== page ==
There’s a new attraction in Edmonds that’s drawing big crowds to the neighborhood south of Edmonds Way and east of Woodway: a larger-than-life chainsaw sculpture peace sign.
It all started with an aging Douglas Fir that had grown into the overhead power lines at the corner of 238th Street Southwest and 102nd Place West. When line clearance crews showed up to take the tree down, adjacent property owners Evan and Nancy Porrelli saw their chance to fulfill a long-held dream to commission an original piece…uh, peace…of chainsaw art. The crews left a 10- to 12- foot stump, and the Porrellis started searching for a chainsaw artist.
“They looked at several artists,” said Everett-based Tomas Vrba, who was chosen to do the job. “They liked my work and ultimately asked me to create the sculpture.”
Vrba, who holds a Masters degrees in fine arts restoration, was trained in Europe. “Initially I worked on restoring alters, statuary, churches, and other buildings and artifacts dating back to the 17th century,” he said.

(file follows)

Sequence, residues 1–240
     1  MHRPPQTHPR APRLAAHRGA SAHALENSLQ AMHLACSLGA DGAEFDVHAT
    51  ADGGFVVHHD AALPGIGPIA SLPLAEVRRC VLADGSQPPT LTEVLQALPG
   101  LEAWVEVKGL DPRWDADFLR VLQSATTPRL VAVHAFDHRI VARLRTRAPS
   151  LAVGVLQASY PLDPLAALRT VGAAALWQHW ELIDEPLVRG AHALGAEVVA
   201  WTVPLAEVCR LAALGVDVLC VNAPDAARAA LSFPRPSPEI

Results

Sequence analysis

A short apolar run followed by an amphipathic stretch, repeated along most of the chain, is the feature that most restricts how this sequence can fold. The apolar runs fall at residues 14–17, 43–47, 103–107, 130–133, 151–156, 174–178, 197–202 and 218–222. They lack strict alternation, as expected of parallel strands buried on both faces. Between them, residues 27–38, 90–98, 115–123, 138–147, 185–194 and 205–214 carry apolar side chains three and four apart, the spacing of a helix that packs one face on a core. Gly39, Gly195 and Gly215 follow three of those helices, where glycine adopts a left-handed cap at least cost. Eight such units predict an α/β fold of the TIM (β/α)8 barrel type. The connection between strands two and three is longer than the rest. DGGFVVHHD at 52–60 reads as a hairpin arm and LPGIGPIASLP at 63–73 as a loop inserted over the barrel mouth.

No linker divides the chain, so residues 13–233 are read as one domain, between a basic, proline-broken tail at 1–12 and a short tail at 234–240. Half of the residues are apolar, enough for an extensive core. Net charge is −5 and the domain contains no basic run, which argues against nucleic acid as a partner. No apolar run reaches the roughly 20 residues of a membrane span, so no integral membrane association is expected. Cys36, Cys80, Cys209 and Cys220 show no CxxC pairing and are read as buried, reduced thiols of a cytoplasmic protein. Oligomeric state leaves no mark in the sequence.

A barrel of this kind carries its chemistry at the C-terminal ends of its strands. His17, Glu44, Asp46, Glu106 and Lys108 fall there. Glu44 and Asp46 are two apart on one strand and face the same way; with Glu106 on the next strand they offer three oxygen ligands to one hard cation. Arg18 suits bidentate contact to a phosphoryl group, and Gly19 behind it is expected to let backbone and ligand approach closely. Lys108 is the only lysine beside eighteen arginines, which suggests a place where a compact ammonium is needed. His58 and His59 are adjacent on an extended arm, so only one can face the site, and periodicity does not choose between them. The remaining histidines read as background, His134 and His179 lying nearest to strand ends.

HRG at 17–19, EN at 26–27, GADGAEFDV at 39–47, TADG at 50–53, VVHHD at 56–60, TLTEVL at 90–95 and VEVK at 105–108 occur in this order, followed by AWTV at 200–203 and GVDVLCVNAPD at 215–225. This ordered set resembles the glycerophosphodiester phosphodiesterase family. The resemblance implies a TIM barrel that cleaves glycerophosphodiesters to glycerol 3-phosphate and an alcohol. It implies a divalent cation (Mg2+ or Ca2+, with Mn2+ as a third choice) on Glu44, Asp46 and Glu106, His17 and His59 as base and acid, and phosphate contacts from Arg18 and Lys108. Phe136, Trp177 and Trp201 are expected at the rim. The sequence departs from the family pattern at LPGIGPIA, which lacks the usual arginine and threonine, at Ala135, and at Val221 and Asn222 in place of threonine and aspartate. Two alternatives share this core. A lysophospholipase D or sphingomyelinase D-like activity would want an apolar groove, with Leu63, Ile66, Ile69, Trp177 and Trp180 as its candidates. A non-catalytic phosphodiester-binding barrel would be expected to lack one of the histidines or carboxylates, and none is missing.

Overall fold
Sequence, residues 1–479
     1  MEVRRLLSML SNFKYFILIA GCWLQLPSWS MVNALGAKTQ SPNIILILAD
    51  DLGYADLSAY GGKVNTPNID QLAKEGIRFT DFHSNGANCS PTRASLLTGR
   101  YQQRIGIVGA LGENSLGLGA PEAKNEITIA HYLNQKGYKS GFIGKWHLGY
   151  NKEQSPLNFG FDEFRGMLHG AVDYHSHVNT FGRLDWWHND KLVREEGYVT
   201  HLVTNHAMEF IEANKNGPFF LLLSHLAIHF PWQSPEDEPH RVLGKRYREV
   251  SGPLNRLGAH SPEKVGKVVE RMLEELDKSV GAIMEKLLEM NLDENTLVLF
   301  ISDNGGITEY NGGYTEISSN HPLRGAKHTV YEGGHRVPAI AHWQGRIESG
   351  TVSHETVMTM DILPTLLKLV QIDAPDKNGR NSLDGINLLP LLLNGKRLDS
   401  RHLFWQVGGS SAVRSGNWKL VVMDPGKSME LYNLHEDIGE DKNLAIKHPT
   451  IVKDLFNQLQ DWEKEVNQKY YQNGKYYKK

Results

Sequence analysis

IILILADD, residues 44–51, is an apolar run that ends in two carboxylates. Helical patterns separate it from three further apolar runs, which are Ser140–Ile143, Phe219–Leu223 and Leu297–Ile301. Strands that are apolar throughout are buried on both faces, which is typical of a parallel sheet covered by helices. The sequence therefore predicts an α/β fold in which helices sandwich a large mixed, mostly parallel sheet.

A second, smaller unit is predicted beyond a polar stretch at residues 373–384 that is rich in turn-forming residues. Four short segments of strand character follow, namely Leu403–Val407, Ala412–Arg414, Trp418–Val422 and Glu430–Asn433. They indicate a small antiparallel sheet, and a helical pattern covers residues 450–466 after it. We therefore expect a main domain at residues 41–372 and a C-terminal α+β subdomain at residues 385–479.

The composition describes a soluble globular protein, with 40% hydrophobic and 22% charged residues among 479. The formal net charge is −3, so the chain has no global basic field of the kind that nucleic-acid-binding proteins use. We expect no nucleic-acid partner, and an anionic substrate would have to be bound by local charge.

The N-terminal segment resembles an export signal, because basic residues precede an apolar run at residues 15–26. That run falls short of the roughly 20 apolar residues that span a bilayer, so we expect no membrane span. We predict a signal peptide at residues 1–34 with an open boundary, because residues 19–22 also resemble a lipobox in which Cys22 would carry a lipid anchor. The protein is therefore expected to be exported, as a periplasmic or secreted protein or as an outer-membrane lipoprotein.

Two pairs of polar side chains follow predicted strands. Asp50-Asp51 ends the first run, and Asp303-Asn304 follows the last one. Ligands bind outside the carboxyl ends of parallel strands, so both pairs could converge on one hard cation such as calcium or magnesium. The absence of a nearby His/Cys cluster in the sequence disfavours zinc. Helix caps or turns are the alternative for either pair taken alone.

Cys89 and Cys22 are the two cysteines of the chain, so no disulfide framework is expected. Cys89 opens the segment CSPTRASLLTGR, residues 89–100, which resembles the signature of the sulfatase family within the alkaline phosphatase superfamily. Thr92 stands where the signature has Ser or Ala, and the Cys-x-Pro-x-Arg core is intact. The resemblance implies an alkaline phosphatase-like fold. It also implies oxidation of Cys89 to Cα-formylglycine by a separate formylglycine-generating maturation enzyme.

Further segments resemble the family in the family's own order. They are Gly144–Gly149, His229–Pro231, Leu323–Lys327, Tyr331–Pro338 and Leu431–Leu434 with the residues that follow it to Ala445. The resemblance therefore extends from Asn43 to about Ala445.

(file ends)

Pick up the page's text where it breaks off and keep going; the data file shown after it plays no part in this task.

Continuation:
After coming to the United States seven years ago, Vrba became interested in chainsaw art. “There’s fewer opportunities for restoration work in this area because things just aren’t that old,” he said. “But Washington and Oregon are the epicenter of chainsaw art, and to me the chainsaw is just another creative tool.”
Vrba perfected his skill with this new technique, and his art had received national recognition. “I still work in a wide range of media,” he said. “Adding chainsaw art to what I do has allowed me to expand into new areas.” Vrba now competes in timed chainsaw carving events as well as maintaining a full-time studio for this and his other art. Learn more here.
“I consulted with the Porrellis, and we looked at several alternative designs,” Vrba said. “They really wanted a peace sign, and the forked tree stump made it a natural for this project. I had to skew the anatomy of the hand just a little to accommodate the shape of the trunk, but the final composition looks very natural.”
Vrba began work on Saturday, July 13, and was finished the next night. “I would have finished faster if it hadn’t been for all the interruptions from passersby,” he said.
The sculpture has become an overnight neighborhood sensation.
Pastor Phil Assink heads up Faith Community Church, located just across the street from the sculpture. His church faces the street, and he’s never seen anything like it. “It’s been nonstop for two weeks,” he said. “Everyone has been coming through…cars, kids on bikes, strollers, seniors, families. I don’t think there’s a utility worker in this quadrant of the city that hasn’t had their photo taken by this sculpture.”
“I just feel so good about having a peace sign across from the church,” Assink added. “Because after all, we do stand for the same thing.”
— By Larry Vogel